When Germany enacted its Reinheitsgebot beer purity law—a decree that instructed brewers to only use water, barley and hops in beer production—in 1516, it’s unlikely that anyone imagined it would spur an enduring beer festival tradition: pretzel necklaces. By that time, German bakers had been making pretzels for centuries.
“As beer became more and more popular, bakers started to realize they had all the ingredients to make beer as well as bread,” says Mark Stratton, U.S. consultant for German brewery Veltins. “So, bakers in Germany, especially in Bavaria, started making beer alongside pretzels. That’s where the marriage of the two things came together.”
Those three ingredients became known among brewing monks as the “holy trinity” of beer. They saw the trinity in pretzels, where each hole represented one ingredient and one aspect of the its famed religious counterpart. To keep that sacred trinity at heart, 16th-century brewer-monks strung pretzels and wore them around their necks.
Pretzel necklaces have come a long way. As far back as Stratton remembers, pretzel necklaces were on the scene at Oktoberfest in Germany. They’re a common sight at U.S. beer events like the Great American Beer Festival, Great Lakes Brew Fest and Great Taste of the Midwest. There, pretzels don’t represent worship, but palate cleansers.
“At a beer festival, you get in line for the beer you want first,” says Meg Schultz, organizer of Vermont’s SIPtemberfest. “You could have this big chocolate oatmeal stout, and then you want to go over and try a delicate Pilsner. Well, you’re going to need something in between so you can taste [each of] them.”
Early necklaces were plain, mass-produced pretzels on a string. Now, festival goers try and top other necklaces with ever more creative statement pieces.
“Beer is part of the food arts world,” says Julia Herz, the former craft beer program director at the Brewers Association, which runs the Great American Beer Festival. “Food is art itself in many forms, and the pretzel necklace is a great convergence of art and food in a very fun form.”
Pretzel necklace aficionados sit in three distinct social camps. The first are expressive people who look for a good time. They tend to have a veritable grocery store around their necks—artfully arranged pretzels alongside cheese, sausage, pizza slices or even entire Lunchables. The bigger and more elaborate the necklace, to them, the more you love both beer and a party.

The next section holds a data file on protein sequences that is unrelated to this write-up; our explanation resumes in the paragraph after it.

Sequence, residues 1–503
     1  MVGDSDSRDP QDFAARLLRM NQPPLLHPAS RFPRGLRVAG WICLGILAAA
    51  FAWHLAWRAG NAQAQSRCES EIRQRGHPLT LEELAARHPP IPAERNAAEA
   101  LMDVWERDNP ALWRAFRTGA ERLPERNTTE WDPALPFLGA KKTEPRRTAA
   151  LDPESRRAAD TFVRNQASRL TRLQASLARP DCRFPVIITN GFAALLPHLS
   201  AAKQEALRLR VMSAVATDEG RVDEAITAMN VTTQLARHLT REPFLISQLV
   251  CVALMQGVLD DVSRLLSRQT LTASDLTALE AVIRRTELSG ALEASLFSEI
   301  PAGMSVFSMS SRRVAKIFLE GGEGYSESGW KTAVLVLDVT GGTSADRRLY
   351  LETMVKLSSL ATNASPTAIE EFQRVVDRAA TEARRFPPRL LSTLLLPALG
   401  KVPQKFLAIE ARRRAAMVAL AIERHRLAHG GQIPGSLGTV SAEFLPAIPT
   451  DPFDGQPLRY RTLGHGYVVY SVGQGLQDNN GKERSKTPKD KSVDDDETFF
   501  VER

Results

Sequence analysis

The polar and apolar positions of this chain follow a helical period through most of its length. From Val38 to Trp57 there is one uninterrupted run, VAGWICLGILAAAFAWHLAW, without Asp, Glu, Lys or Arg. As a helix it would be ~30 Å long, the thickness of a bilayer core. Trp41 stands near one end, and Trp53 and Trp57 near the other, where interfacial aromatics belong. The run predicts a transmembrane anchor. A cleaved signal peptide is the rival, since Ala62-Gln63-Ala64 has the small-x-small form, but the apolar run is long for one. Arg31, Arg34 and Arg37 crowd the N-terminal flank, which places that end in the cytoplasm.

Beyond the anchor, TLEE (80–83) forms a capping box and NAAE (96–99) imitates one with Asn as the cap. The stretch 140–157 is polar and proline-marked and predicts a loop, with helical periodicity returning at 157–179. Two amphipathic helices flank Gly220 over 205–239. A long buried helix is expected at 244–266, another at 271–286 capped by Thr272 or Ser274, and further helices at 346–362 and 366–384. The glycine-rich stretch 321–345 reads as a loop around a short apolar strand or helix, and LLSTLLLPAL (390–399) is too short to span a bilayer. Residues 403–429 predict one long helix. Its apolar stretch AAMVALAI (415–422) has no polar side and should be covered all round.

It can even turn into a unique mating ritual, where people may try to attract a partner with ever-more-flamboyant necklaces.
Schultz calls the next group “the serious beer-mission folks.” They arrive with a list of beers to taste at the festival and a strict plan. “They’re here for the beer, and the necklace is just a means to an end at that point,” she says.
Some of these attendees, Stratton says, are part of beer guilds and groups. They use medallions that represent their organization to separate pretzels on their necklaces.
And the third group? People who don’t wear pretzel necklaces at all. In fact, they actively hate them. In a 2014 article in First We Feast, writer Aaron Goldfarb says pretzel necklaces are a way to “ID all the bozos.” Graham Averill agreed at Paste, as he compared the wearers to “four-year-old girls with those candy bracelets and lollipop rings.”
Schultz’s opinion? The haters are secretly jealous because they’re too afraid to wear a necklace of their own.
But regardless of whether they’re used as a drinking aid, fashion accessory or source of identity, the necklaces remain a surprisingly functional part of beer festival culture.
“Moderating sips between bites is a good way to practice responsible and enjoyable appreciation,” says Herz. “And any time you see someone wearing a pretzel necklace, they’re probably in a damn good mood.”